Waatea News Update

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Location: Auckland, New Zealand

Wednesday, May 14, 2008

Long term view taken of fisheries

The CEO of Te Ohu Kaimoana says as long term players in the seafood industry, Maori fishermen have a vested interest in the development of strategies to protect marine resources.

Peter Douglas will be at the annual Seafood Industry Council conference which starts at Te Papa in Wellington today.

He says Maori fishermen are not plundering fish stocks, and he's advocating the integration of traditional Maori practises such as rahui, where fishing in an area is banned, to help protect vulnerable species.

Mr Douglas says Maori occupy a significant role in the New Zealand fishing sector, and will work with the industry to ensure the survival of fish stocks into the future.


Migrants need more manaakitanga to help them fit in.

That's one of the conclusions of a study of migrants who've been in New Zealand for five years.

James Liu from Victoria University's Centre for Applied Cross Cultural Studies says the migrants found very little government or community support to help them adapt.
He says Maori culture could provide an answer.


A Hawke's Bay historian has invited Maori to take part in sharing stories
about the region.

The first of monthly lectures by the Landmarks History Group was held last night at the Hastings District Library.

The group will also develop a website to store oral history from elderly residents.

Historian Michael Fowler says the area has a rich past, and it's important both Maori and non-Maori with stories to share do so... to preserve them for future generations.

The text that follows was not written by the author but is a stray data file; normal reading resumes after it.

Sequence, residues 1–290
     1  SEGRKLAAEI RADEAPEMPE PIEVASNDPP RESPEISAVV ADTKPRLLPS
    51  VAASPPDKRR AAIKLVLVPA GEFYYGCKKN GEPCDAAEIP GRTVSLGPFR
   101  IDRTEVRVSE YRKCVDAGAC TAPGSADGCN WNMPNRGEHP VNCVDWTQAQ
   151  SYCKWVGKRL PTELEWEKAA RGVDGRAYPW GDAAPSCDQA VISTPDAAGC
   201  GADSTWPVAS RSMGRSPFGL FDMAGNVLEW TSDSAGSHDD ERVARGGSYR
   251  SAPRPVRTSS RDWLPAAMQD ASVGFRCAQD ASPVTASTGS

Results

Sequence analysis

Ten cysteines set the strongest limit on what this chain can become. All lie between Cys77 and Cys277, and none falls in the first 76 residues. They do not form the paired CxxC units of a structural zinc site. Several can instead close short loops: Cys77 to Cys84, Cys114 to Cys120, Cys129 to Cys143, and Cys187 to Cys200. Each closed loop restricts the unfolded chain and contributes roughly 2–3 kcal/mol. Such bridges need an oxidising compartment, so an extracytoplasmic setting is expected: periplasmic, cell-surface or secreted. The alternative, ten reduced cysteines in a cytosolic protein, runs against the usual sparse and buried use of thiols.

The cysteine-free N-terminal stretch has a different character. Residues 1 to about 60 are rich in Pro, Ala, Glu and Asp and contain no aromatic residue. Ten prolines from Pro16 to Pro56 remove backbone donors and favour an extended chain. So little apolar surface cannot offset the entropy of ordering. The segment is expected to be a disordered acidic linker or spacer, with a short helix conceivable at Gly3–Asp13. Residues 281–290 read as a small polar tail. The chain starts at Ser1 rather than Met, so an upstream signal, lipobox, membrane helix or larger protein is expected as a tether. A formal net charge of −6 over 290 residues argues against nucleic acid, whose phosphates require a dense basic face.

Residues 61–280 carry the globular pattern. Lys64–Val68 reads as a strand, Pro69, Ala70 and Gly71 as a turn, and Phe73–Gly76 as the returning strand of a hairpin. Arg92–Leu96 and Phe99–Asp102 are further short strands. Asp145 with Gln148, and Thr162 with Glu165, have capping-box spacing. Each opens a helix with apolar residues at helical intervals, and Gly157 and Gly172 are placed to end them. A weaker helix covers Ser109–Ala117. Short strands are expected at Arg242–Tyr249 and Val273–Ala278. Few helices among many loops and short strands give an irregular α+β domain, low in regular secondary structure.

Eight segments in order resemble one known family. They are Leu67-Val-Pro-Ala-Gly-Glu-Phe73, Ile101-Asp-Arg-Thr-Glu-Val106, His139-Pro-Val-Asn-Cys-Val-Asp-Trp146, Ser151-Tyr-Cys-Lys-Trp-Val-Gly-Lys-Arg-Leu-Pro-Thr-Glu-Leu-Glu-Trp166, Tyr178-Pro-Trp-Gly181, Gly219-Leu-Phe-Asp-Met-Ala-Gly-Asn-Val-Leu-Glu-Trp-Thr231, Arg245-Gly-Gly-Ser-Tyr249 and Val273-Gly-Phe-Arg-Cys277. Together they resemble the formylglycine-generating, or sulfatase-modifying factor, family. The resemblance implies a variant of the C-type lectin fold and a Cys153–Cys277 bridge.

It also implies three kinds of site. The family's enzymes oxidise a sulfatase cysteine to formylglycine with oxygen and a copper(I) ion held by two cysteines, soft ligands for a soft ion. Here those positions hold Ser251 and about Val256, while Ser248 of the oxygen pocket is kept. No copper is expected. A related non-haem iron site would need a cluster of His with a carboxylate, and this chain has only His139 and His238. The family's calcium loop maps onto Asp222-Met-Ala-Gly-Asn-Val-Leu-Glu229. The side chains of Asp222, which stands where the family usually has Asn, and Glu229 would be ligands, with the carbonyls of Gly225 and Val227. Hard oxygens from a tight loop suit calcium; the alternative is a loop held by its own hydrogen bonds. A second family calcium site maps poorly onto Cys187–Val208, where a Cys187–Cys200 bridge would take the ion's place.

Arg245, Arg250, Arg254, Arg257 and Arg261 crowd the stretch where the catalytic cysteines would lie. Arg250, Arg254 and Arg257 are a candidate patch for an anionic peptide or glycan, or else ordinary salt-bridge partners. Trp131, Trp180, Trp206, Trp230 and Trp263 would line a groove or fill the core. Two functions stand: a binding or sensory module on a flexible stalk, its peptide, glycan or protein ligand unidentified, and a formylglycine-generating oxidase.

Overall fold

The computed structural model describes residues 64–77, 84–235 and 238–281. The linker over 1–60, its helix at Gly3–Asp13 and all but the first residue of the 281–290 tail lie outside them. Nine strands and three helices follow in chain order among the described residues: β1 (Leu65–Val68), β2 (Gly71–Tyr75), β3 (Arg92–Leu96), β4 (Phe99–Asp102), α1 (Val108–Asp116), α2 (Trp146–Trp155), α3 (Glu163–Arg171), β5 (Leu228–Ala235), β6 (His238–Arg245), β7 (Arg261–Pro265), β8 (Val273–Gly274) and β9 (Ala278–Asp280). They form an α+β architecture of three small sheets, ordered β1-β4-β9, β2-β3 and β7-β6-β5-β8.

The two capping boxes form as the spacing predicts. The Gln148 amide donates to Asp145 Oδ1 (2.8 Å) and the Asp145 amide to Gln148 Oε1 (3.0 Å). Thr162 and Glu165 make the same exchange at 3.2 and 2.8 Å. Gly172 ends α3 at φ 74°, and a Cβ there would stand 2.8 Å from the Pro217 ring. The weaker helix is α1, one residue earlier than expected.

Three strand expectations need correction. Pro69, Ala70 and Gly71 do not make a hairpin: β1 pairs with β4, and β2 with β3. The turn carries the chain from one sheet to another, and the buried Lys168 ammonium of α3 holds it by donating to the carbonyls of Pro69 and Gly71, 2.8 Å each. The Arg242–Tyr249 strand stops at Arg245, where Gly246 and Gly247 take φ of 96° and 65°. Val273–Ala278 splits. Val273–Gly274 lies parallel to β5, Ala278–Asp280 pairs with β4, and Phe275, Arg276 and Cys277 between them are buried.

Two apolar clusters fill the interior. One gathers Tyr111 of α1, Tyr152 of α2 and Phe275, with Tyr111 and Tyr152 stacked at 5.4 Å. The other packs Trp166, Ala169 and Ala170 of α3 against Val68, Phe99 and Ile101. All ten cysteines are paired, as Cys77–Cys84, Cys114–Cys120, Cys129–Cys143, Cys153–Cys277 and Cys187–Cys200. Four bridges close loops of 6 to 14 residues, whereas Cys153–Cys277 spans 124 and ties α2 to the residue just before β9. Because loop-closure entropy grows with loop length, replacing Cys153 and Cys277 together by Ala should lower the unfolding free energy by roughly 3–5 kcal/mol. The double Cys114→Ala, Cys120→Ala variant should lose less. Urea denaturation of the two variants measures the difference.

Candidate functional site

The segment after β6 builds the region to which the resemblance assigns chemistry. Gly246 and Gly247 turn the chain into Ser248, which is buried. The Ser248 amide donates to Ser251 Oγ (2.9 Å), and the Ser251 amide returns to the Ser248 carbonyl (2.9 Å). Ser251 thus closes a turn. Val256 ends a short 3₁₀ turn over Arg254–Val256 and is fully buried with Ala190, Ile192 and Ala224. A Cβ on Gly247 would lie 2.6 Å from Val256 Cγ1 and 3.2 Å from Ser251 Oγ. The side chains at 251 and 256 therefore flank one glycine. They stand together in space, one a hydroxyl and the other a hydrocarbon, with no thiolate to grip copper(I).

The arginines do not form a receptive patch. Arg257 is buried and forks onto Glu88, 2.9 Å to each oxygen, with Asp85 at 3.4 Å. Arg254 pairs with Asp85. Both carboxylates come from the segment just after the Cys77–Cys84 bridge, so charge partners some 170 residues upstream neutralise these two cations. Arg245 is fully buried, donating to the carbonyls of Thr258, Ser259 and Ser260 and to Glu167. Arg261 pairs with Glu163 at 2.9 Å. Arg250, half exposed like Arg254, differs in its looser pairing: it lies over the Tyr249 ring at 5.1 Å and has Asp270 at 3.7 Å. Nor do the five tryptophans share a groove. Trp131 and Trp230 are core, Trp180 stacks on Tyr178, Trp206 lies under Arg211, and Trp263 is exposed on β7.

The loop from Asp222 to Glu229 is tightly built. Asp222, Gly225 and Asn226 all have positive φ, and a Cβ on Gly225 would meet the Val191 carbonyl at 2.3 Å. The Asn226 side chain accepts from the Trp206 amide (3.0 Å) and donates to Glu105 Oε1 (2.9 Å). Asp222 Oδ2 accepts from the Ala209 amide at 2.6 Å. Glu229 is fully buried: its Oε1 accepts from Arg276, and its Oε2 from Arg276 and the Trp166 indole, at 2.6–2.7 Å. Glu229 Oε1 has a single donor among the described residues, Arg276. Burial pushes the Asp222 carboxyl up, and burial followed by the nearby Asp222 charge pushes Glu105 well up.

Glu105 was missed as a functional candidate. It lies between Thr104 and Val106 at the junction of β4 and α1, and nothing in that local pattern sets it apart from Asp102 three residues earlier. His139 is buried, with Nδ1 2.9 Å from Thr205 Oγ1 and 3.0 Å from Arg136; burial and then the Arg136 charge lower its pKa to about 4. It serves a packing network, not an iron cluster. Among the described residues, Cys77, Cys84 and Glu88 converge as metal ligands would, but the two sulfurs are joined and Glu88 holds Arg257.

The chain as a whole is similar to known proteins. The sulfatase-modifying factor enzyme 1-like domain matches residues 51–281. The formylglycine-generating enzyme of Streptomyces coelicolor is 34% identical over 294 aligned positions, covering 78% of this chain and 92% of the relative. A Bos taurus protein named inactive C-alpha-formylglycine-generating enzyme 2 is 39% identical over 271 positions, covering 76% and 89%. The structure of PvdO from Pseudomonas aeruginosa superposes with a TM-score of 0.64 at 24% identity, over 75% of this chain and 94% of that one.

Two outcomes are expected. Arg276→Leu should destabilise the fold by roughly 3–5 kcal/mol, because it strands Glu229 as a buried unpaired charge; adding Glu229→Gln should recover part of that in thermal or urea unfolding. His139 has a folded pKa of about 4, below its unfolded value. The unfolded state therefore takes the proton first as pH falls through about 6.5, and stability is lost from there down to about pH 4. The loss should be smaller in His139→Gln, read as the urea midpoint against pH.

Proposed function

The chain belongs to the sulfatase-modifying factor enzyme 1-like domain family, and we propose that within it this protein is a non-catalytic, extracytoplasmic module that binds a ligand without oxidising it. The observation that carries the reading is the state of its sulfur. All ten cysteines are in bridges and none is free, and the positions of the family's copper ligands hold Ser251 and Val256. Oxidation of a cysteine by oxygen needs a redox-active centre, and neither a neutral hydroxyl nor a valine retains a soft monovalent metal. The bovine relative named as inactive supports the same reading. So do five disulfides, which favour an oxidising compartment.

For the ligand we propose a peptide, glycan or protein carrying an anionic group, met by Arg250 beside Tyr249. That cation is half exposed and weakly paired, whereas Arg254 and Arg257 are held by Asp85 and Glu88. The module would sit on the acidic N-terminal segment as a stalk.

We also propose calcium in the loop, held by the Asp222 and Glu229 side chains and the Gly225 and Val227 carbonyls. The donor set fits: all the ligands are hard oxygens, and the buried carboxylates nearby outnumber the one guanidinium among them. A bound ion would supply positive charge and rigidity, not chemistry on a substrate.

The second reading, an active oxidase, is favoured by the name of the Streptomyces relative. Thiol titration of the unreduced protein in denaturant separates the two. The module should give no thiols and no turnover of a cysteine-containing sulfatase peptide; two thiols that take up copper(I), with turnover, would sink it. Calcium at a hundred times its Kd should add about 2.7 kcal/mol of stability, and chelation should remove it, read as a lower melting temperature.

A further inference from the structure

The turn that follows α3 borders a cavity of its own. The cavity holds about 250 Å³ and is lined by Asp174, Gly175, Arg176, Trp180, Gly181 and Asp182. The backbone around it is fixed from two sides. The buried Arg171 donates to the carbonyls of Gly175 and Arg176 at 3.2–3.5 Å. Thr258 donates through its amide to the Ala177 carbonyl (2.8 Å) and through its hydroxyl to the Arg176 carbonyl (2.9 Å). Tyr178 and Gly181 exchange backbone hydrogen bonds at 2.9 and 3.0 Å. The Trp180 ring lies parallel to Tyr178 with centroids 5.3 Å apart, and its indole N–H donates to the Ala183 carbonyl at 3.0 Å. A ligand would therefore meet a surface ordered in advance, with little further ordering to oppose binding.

He says because Maori passed their history on verbally there is little to be gleaned from written records such as the newspapers of yesteryear.

He was reminded of that when rearching a book on the 1930's Napier Earthquake.


Maori men may benefit from a new study into a common stomach disorder in older men.

Abdominal aortic aneurysm happens when the main artery that runs through the stomach blows up like a balloon... and can cause death if it bursts.

Otago Medical School's Vascular Research Group is working with British researchers from Leicester University to create a genetic screening tests.

Greg Jones, the research director, says they're looking for clues in the DNA which might help understands the condition's biology and point to drugs which can treat it.

He says while Maori men over 65 have about the same incidence of the condition, about six in 100, they are almost two and a half times more likely to die from ruptures.

He says given its prevalance among Maori, it's important some of the research be done in Aotearoa.

Dr Jones says his group wants to do national research, because it's hard to find enough Maori in Otago-Southland to get to get good statistical information.


Look up and Look out... that's the message from ACC's forestry injury prevention manager.

Don Ramsay says rangatahi working in the forestry sector will benefit from new research into safety on the job.

He says a sudden rise in the number of on the job injuries, and a fatality a few years ago, prompted a video study to assess... among other things... how often tree fallers looked up.

Camera's mounted on workers headgear found that experienced workers looked up earlier and more often, and were less likely to be injured by falling branches than novice workers.

He says ACC is encouraging forestry workers, the majority of them Maori, to pass their unit standards by revisiting and refreshing their safety training after they have found jobs.

Don Ramsay says as well as making the job safer, the research is expected to increase productivity among forestry workers.


A Maori artist based in Christchurch has had her work in prisons recognised.

Moana Tipa, from Ngai Tahu, Kati Mamoe and Ngati Kahungunu received her "Big A" award in Wellington last night.

The awards, sponsored by Arts Access Aotearoa, celebrate work which enhances the wellbeing and artistic potential of marginalised people.

Seven years ago Ms Tipa convinced the Corrections Department in Otautahi to allow her to run arts courses in Christchurch prisons.

Ms Tipa says while she's never been interested in the reasons her students are inside, she's constantly amazed by their artistic talent.

Issac Marsh, a 16-year-old from Tokoroa was also recognised for his mahi with Jim Moriarty's rangatahi drama group Te Rakau Hua O Te Wao Tapu Trust.


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